Volume 46 Issue 21
Oct 9, 2021
Italian red, Ferrari red seem synonymous but how did red become the color for Italy and Ferrari?
Rocco Motto of Rivarossa, Italy, north of Turin, who later founded Carrozzeria Motto, only bodied half a dozen or so Ferraris. The first one, the 125 S, S/N 01 C (010 I), being the first Ferrari to be fitted with a Motto Torino-badged body, in 1947.
But 40 years before that – when Rocco was just three years old – an Italian aristocrat from Migliarino, northeast of Bologna, participated in, and ultimately won, the first Peking to Paris race in 1907.
Scipione Borghese – or, as it said on his driver’s license, Prince Luigi Marcantonio Francesco Rodolfo Scipione Borghese – was the only Italian out of 40 entrants to register for the 15,000-kilometer trek, all of whom dropped out save for five teams: Scipione raced under the Italian flag, three other teams raced under the French flag, and there was a single Dutch team whose driver, con artist Charles Goddard, was slated to secure second place before he was arrested for fraud as he approached the finish line.
Despite the race committee canceling the race before it ever began, those five teams went ahead with their pioneering, intercontinental competition.
So confident was the Prince in his 7,433-cc 1907 Itala 35/45 HP, that he intentionally aberrated from the race – several hundred miles, from Moscow to St. Petersburg – just to attend a dinner in honor of the team, after which he headed back to Moscow to rejoin and then win the race.
Borghese’s chauffeur, Ettore Guizzardi, actually did most of the driving, from 10 June through 10 August 1907, on the 14,994-kilometer journey (9,317 miles) from Peking (now Beijing), China, to Paris, France, the entire point of which was to demonstrate that automobiles were a viable alternative to trains and steamers, even on long trips.
An accomplished politician, mountaineer, industrialist, diplomat, and explorer, winning the first-ever Peking to Paris is just a notch in the belt for a man of Scipione’s caliber – which is just as well, seeing as how the only prize to be had was a magnum of Mumm Champagne, which was another aberration from the cases of Lanson Champagne Borghese brought along for the trip.
There were no rules to the race, whose odyssey shadowed a telegraph route that traversed terrain virgin to the presence of automobiles.
Fuel-laden camels left Peking and camped out at stations along the course.
Competitors were left to their own devices navigating countryside for which there were no roadmaps, and through which there were often no roads.
After Scipione put Italy in the history books, the country adopted the red color of his Itala as Italy’s official racing color, rosso corsa, literally racing red.
Since the 1920s, rosso corsa was the fiery livery blurring around circuits via Alfa Romeo, Lancia, and the Brothers Maserati, decades before Tazio Nuvolari piloted Ferrari’s Motto-bodied 125 S to victory (twice) in July, 1947.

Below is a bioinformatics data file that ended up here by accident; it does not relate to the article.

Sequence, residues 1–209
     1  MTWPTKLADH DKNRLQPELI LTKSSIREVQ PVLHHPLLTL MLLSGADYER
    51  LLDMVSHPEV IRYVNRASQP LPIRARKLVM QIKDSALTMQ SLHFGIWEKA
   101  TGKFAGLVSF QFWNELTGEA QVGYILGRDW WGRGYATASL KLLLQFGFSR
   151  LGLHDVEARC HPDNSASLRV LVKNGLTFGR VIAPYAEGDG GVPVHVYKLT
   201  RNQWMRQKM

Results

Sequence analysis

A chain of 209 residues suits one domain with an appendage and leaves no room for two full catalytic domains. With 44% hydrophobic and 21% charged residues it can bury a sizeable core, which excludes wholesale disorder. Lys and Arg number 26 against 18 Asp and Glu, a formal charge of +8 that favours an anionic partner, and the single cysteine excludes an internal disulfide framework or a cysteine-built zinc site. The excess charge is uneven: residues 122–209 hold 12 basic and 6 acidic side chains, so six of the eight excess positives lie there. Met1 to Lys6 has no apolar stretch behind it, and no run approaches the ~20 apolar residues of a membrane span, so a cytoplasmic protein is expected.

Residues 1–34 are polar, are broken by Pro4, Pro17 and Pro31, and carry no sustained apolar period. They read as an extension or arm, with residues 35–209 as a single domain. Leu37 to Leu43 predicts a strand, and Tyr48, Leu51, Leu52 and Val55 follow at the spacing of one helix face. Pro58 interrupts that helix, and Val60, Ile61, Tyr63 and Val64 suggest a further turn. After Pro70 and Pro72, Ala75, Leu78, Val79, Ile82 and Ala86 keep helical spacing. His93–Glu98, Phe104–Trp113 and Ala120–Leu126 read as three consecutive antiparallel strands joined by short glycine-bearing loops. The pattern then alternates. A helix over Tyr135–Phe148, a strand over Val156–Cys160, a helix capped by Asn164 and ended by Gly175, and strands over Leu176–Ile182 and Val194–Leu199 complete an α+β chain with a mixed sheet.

In Formula One, a car’s color is determined not by the nationality of the driver or the car, but rather the nationality of the team entering said car.
The 1964 Mexican Grand Prix was the last time Ferraris wore colors other than red – John Surtees, Lorenzo Bandini, and Pedro Rodriguez, in 158 F1 S/N 0005, 1512 F1 S/N 0007, and 156 F1 S/N 0004, respectively, all flying N.A.R.T. colors in protest of Ferrari’s planned mid-engined racecar agreement with Italian Racing Authorities.
And by 1968, national colors had been mostly replaced by sponsorship liveries – like Shell and Marlboro (and whoever makes gumballs).
But not Ferrari. Ferrari always maintained its rosso corsa livery, despite the shade’s variance over time.
Through the decades, Ferrari’s Rosso Corsa has gradated – from the dark, original, almost-brown Rosso Corsa from the 1940s, to the almost-orange shades of the last 15 years, like Rosso F1 2007, Rosso F1 2009, and Rosso F1 Storica.
Rosso Cino, Rosso Barchetta, Rosso Scuderia – these are but a few of all of the prancing horse crimsons that exist because of, and stem from, Rosso Corsa, and are easily discernible from Rosso Corsa, which itself, today, is noticeably lighter than the Rosso Corsa worn by a young Scuderia Ferrari.
And the exotic reds we see on some of today’s road cars – the rogue rouges like Rosso Fiorano, Rosso Fuoco, and Rosso Monza Tristrato – are all inspired by Ferrari’s decades of motorsport successes.
Some Ferrari colors, like Grigio Ingrid, have a story all their own; while others, like the various rosso corsas, are the milestones in an ongoing history whose roots far predate any of Ferrari’s ambitions.
The tradition of Scuderia-inspired colors finding their way into the road cars has expanded to include non-reds, like Blu Corsa, which debuted with the 488, or Grigio Corsa, which is a popular color for stripes and even wheels.
Ferrari’s long, rich history of its kaleidoscope of colors can be traced back to the success of the Scuderia – the Scuderia that has literally made red synonymous with winning: racing red.